Exasperated in traffic? Why not calm your mind by reflecting on Joan of Arc, a silent movie masterpiece made in 1928.

In Joan of Arc, the emphasis on the faces insists that these very people did what they did. Dreyer strips the church court of its ritual and righteousness and exposes its members as fleshy hypocrites in the pay of the British; their narrow eyes and mean mouths assault Joan’s sanctity.

Perhaps the secret of the director  Carl Theodore Dreyer’s success is that he asked himself, “What is this story really about?” And after he answered that question he made a movie about absolutely nothing else.

Before Arthur Ashe, there was Althea Gibson. Some might not think to connect Ashe’s success to Ms. Gibson’s earlier achievements. But without Ms. Gibson’s success in women’s tennis, there would have been no path for Ashe to keep blazing. The roots of his Wimbledon title in 1975 began with Ms. Gibson’s championship in 1957. Now both champions who set firsts in tennis for African Americans are gone.

A golfer said, “It’s a great feeling, standing strong at the ball on the first tee, putting your glove on, staring down the fairway, hearing the click of balls on the practice putting green behind you, knowing that you’re in a tournament with the best in the world and that the best are your colleagues and that you belong and they know you belong.”
That’s what Althea Gibson, the first black woman to win a tennis Grand Slam title, was really about. Not belonging.

 “A rustic woman, very sincere, who was also a woman who had suffered,” is how director Dreyer described Joan of Arc.

Althea Gibson played tennis under the auspices of the American Tennis Association (ATA), the organization for black players, who were not allowed to join the United States Lawn Tennis Association.
The United States Lawn Tennis Association, tennis’s governing body, was established in 1881 by a small group of white tennis club members in New York City. The United States Lawn Tennis Association discriminated against blacks. No black was permitted to play in a USLTA event, no less become a member of the august organization.

By showing so little interest in extraneous details, Dreyer produced a haunting vision of one woman’s suffering, charting her wide-eyed terror as she is confronted by a jury of French ecclesiastics.

Although all Gibson ever wanted was the opportunity to achieve what she could as an individual, she had first hand, haunting knowledge of the discrimination facing African-Americans in American society.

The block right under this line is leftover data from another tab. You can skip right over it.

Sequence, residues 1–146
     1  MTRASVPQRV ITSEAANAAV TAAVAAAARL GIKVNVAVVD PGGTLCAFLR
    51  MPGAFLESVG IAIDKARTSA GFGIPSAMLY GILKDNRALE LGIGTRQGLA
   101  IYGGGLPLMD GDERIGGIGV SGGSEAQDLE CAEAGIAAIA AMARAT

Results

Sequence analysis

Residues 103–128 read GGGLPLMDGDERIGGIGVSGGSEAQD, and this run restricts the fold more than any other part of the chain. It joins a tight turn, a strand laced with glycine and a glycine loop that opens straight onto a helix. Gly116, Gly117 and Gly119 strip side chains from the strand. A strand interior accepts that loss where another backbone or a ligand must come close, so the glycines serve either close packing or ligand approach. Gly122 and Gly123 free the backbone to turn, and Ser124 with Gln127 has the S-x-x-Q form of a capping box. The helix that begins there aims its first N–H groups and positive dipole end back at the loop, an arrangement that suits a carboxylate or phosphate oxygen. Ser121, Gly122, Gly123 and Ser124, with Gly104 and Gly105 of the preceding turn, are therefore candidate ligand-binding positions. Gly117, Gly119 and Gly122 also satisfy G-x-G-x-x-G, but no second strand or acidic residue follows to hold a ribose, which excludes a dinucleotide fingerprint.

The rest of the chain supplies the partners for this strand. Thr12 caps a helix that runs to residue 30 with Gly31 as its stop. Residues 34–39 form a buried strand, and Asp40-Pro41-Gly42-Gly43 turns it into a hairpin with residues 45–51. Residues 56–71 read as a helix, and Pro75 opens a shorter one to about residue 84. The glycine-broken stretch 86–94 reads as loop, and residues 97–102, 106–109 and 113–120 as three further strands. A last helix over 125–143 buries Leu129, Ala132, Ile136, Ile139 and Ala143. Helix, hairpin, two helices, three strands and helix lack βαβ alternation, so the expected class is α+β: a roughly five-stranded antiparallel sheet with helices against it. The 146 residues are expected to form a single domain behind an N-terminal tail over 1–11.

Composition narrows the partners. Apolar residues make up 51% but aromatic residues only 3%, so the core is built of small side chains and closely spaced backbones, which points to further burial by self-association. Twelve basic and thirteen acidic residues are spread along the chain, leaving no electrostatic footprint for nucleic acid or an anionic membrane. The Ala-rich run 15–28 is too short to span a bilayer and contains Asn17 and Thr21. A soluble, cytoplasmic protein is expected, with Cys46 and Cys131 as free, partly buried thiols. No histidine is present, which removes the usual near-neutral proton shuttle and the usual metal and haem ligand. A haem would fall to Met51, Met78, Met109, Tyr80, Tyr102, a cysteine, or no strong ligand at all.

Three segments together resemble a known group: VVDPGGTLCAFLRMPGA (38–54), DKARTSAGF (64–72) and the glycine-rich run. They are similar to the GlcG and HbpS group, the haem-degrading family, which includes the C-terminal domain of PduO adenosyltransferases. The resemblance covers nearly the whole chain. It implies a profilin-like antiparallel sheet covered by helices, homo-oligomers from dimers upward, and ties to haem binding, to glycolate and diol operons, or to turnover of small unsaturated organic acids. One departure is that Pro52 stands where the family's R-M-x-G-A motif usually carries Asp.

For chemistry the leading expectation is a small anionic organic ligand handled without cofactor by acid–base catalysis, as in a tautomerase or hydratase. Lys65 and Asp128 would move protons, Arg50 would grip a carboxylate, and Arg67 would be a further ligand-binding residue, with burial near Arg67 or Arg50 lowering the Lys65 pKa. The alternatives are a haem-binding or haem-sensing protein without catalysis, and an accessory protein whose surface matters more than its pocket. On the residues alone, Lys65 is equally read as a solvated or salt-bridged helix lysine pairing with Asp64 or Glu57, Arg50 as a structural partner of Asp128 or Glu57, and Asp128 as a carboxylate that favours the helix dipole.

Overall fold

Even at her peak and winning major tournaments, Althea Gibson was denied rooms at hotels. One refused to book reservations for a luncheon in her honor.
Althea Gibson learned to view herself in the diminished way that the white world viewed her: “I was the best woman player in Negro tennis.”

By the 1950s, the white sports world was buckling under pressure to open its doors to black athletes. Jackie Robinson and Larry Doby had integrated professional baseball in 1947. Still, Gibson was turned down in 1950 when she requested an invitation to a United States Lawn Tennis Association-sanctioned state tournament in New Jersey.
When she heard about the turndown, the great tennis player Alice Marble wrote an editorial published in the July 1, 1950 issue of American Tennis Magazine: “Miss Gibson is over a very cunningly wrought barrel, and I can only hope to loosen a few of its staves with one lone opinion. If tennis is a game for ladies and gentlemen, it’s also time we acted a little more like gentlepeople and less like sanctimonious hypocrites…… If Althea Gibson represents a challenge to the present crop of women players, it’s only fair that they should meet that challenge on the courts.”

At the end of July, 1950 the Special Invitational Selections Committee of the USLTA invited Althea Gibson to the US National at Forest Hills.
In the second round, Gibson was beating the number four seed, Louise Brough, 6-1,6-3, and leading 7-6 in the third set. History in the making. Segregation ending. Discrimination disappearing.

Years later, Althea Gibson looked wide-eyed into a camera and said, “I was beating her, and all of a sudden the clouds opened up, the sky got dark, as if, as if, they didn’t want me to win this match. And the rain came pouring down. Lightning came immediately and struck the eagle on that corner of the stadium and tumbled it down and they had to postpone the match. I had to sleep on that overnight and the next day I came out and I didn’t have anything. I lost all sting and she beat me.”

In 1957 Althea Gibson won the US Lawn Tennis Association Championship and raised her arms in triumph to the sky.  “Triumph! Triumph!” she thundered into the air, without uttering a word. But all that came was a sinking feeling of emptiness. That’s all that came to this hollowed woman, so full of loving echoes.


About judyjablow123

In my youth I was a world class tournament golfer. I earned an MA in history at NYU, after which I knew I had had enough of academia. I have remained a student of history. I have a strongly personal - almost entirely negative- take on the contemporary pharmaceutical and mental health industries. That was the impetus for my Bluepolar blog, which will also include stuff on sports, history and anything else that strikes my interest.
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